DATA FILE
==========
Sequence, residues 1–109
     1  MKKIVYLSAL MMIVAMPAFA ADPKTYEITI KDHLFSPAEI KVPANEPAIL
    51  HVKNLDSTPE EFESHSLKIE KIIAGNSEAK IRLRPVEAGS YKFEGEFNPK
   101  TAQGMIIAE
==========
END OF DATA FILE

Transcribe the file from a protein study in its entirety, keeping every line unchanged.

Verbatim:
Sequence, residues 1–109
     1  MKKIVYLSAL MMIVAMPAFA ADPKTYEITI KDHLFSPAEI KVPANEPAIL
    51  HVKNLDSTPE EFESHSLKIE KIIAGNSEAK IRLRPVEAGS YKFEGEFNPK
   101  TAQGMIIAE